The metabolic recovery of marathon runners: an untargeted 1 H-NMR metabolomics perspective

Rachelle Bester, Zinandré Stander, Shayne Mason, Karen M. Keane, Glyn Howatson, Tom Clifford, Emma J. Stevenson, Du Toit Loots*

*Corresponding author for this work

Research output: Contribution to journalArticlepeer-review

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Abstract

Introduction: Extreme endurance events may result in numerous adverse metabolic, immunologic, and physiological perturbations that may diminish athletic performance and adversely affect the overall health status of an athlete, especially in the absence of sufficient recovery. A comprehensive understanding of the post-marathon recovering metabolome, may aid in the identification of new biomarkers associated with marathon-induced stress, recovery, and adaptation, which can facilitate the development of improved training and recovery programs and personalized monitoring of athletic health/recovery/performance. Nevertheless, an untargeted, multi-disciplinary elucidation of the complex underlying biochemical mechanisms involved in recovery after such an endurance event is yet to be demonstrated.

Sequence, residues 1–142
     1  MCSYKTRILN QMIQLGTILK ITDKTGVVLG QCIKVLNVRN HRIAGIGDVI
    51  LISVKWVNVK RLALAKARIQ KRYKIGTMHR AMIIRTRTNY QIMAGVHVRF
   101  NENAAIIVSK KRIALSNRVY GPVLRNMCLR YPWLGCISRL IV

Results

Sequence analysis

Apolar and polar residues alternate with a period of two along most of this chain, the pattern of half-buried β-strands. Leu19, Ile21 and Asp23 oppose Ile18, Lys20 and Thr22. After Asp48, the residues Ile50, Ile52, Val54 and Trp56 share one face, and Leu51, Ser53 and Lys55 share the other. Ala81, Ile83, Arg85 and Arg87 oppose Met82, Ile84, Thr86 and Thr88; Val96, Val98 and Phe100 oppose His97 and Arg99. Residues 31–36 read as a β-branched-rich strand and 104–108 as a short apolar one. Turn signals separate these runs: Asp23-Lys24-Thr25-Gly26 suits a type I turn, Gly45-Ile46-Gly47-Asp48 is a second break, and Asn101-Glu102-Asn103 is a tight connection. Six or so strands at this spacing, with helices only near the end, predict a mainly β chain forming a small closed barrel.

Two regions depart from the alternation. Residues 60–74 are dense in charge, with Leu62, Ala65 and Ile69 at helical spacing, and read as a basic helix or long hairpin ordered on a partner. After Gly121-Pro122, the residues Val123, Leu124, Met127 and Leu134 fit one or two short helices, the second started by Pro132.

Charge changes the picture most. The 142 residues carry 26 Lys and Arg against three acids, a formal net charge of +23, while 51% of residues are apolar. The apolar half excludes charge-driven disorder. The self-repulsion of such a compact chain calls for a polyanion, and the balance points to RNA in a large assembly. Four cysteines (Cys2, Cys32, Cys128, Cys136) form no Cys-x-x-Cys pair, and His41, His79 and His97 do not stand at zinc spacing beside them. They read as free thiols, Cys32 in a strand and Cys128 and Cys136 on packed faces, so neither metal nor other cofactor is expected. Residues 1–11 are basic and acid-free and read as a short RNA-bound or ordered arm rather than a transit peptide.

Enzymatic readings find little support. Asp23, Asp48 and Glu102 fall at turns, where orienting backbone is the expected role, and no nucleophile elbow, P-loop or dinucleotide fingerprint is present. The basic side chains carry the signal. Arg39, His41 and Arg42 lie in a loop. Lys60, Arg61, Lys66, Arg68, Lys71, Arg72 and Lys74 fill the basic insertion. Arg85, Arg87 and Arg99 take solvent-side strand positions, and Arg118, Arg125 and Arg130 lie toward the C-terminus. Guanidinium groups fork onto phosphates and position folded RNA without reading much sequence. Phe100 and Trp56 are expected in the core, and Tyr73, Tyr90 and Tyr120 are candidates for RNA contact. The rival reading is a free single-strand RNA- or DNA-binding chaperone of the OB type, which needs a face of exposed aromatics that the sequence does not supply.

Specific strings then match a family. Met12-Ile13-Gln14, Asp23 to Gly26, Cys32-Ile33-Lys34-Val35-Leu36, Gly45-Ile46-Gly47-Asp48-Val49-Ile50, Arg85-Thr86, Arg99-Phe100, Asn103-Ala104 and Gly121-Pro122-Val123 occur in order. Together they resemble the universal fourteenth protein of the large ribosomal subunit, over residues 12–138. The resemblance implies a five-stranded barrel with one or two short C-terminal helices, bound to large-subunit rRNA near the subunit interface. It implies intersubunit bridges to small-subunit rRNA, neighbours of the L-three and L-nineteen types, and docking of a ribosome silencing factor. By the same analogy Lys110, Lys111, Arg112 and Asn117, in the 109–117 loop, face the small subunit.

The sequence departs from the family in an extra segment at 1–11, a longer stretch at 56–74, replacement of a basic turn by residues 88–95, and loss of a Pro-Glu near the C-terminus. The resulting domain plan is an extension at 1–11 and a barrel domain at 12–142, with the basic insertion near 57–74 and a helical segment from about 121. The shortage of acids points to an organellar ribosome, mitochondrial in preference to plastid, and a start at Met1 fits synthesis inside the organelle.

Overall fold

Methods: This investigation employed an untargeted proton nuclear magnetic resonance metabolomics approach to characterize the post-marathon recovering metabolome by systematically comparing the pre-, immediately post, 24, and 48 h post-marathon serum metabolite profiles of 15 athletes.

Results and Discussion: A total of 26 metabolites were identified to fluctuate significantly among post-marathon and recovery time points and were mainly attributed to the recovery of adenosine triphosphate, redox balance and glycogen stores, amino acid oxidation, changes to gut microbiota, and energy drink consumption during the post-marathon recovery phase. Additionally, metabolites associated with delayed-onset muscle soreness were observed; however, the mechanisms underlying this commonly reported phenomenon remain to be elucidated. Although complete metabolic recovery of the energy-producing pathways and fuel substrate stores was attained within the 48 h recovery period, several metabolites remained perturbed throughout the 48 h recovery period and/or fluctuated again following their initial recovery to pre-marathon-related levels.
Original languageEnglish
Article number1117687
Pages (from-to)1-14
Number of pages14
JournalFrontiers in Physiology
Volume14
Early online date4 May 2023
DOIs
Publication statusE-pub ahead of print - 4 May 2023

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